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Philadelphia Councilmember Isaiah Thomas was behind the push for the Driving Equity Bill. Photo: Michelle Myers/AL DÍA News.
Philadelphia Councilmember Isaiah Thomas was behind the push for the Driving Equity Bill. Photo: Michelle Myers/AL DÍA News.

Philly’s one-of-a-kind Driving Equity bill takes effect

The bill, passed by City Council in October 2021, bans police stops for seven minor motor vehicle violations.

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After 120 days for police training and implementation, Driving Equality is an enforceable law in Philadelphia as of Thursday, March 3.  

Last October, City Council passed Councilmember Isaiah Thomas’ Driving Equality bills with an overwhelming majority. Mayor Jim Kenney then cemented the law with an executive order last November. 

The City Council bills and Mayoral executive order gave Philadelphia Police three months for training and education before enforcing Driving Equality. 

The new law reclassifies seven minor motor vehicle code violations as secondary violations which will not be administered with a traffic stop. These violations include past due emission and inspection stickers, late registration, having one tail light out, items hanging from the rearview mirror, and more. 

Similar to Pennsylvania seat belt laws, these are still violations but would be enforced with methods other than a traffic stop.

Philadelphia is now the first big city to have this kind of policy. While it was introduced and championed by Thomas, the bill was crafted in collaboration with the Philadelphia Police Department (PPD) and the Defender Association of Philadelphia. 

The Defender Association examined 309,000 stops using information collected by the PPD from traffic stops between October 2018 and September 2019. 

Their analysis showed that Black drivers were stopped the most, representing 72% of the stops, compared to 15% of white drivers.

In a February press release, Thomas said that as a coach, he often has a whistle hanging from his mirror, which is the same motor vehicle code violation that initiated the traffic stops that led to the deaths of Daunte Wright, Philando Castile and so many others.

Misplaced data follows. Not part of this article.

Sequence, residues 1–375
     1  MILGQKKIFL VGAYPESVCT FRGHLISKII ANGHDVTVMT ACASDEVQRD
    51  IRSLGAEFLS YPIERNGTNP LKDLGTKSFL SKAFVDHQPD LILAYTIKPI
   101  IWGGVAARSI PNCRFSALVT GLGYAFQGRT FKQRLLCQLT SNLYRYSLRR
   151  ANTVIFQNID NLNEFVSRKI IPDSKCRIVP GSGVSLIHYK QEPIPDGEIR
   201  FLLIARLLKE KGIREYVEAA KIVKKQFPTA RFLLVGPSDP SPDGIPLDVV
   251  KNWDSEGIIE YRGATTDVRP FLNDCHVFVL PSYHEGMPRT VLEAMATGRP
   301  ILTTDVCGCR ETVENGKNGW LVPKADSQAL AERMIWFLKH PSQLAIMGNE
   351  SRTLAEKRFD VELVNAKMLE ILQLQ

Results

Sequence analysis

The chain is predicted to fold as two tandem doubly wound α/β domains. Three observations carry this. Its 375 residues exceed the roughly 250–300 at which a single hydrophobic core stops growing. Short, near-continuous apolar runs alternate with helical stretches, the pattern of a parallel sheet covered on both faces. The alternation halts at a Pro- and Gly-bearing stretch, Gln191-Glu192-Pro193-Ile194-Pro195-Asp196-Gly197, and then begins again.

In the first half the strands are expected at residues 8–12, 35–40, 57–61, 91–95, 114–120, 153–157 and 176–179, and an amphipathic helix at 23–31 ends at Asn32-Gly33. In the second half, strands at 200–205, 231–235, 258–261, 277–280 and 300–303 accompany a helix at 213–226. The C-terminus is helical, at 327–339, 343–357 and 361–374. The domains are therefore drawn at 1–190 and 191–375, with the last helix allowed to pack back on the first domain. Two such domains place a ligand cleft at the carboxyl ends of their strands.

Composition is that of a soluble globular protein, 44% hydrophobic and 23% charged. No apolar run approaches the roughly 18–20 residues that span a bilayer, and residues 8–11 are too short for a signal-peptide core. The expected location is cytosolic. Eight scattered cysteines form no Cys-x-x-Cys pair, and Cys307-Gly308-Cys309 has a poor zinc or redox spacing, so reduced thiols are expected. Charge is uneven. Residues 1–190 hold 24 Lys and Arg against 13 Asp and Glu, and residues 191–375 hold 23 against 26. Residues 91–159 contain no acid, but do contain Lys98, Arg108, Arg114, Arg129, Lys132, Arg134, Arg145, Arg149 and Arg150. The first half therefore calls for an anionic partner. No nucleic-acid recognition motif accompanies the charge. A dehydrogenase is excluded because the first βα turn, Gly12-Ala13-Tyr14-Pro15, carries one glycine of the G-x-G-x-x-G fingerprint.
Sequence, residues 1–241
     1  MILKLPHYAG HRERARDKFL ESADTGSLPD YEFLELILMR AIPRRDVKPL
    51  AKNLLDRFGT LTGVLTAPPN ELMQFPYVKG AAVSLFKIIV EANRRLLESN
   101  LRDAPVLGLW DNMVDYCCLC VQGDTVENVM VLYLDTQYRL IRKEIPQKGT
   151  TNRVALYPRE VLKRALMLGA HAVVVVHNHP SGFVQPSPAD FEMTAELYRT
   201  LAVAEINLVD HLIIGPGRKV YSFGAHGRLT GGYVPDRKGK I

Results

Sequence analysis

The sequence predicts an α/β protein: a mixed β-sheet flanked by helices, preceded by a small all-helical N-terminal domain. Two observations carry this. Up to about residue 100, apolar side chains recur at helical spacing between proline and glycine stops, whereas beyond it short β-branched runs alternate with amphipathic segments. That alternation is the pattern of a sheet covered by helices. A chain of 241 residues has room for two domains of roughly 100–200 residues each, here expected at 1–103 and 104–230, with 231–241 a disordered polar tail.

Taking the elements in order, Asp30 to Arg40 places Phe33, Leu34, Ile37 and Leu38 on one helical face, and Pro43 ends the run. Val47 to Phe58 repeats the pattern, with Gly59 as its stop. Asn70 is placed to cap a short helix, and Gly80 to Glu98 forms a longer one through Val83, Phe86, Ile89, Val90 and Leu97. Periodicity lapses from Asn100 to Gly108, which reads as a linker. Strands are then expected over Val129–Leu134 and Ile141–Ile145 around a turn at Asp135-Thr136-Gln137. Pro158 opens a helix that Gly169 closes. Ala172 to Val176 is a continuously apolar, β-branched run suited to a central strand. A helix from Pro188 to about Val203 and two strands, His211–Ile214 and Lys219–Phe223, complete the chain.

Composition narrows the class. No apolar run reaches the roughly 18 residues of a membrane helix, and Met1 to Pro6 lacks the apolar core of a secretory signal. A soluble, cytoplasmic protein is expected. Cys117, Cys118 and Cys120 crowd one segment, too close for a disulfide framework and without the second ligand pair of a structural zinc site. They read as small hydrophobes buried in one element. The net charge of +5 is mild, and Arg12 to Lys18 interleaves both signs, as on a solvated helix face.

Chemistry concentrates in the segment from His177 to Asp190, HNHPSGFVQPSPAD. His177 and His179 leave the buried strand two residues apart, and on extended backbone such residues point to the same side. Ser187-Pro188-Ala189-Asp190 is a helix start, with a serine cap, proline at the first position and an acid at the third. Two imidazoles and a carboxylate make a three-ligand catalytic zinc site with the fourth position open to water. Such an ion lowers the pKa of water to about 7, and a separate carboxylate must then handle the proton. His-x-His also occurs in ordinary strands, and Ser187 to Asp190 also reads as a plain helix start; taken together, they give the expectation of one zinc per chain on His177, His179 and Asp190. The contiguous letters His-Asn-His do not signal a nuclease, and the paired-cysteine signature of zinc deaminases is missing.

“Many traffic stops are traumatic and, since they are oftentimes a person of color’s first interaction with law enforcement, start off a tense relationship. By removing the stops that promote discrimination rather than public safety, we can rebuild police-community trust,” Thomas said. 

If one of these codes is the only wrongdoing a driver is committing on the road, police are no longer allowed to pull them over. If a driver violates any other aspects of the code like running red lights or speeding, they can be stopped, and police can cite them for multiple infractions. 

Thomas’s office is also establishing a working group to track the policy’s implementation and the new data Driving Equality will produce.

“This group is a combination of academics and experts, but also concerned citizens,” said Max Weisman, director of communications for Thomas’ office. Weissman said that members of the group should be announced by the end of March. 

The primary catalyst behind the Driving Equality law is the experience that many Black and Brown drivers in Philadelphia have grown very familiar with: being pulled over for harmless violations that lead to prolonged stops and searches. 

Relations between communities of color and police are tense due to the history and persistence of many forms of discrimination and brutality, and the objective of the law is to decrease these encounters. 

Thomas, who has been pulled over many times in Philly, told NPR that he hopes the law will help restore trust between police and communities of color. 

“We’re excited about what we are possibly able to do as it relates to not just reducing traffic stops and minimizing negative interactions between communities of color and law enforcement, but just overall changing the narrative as it relates to the relationship between the two,” he said. 

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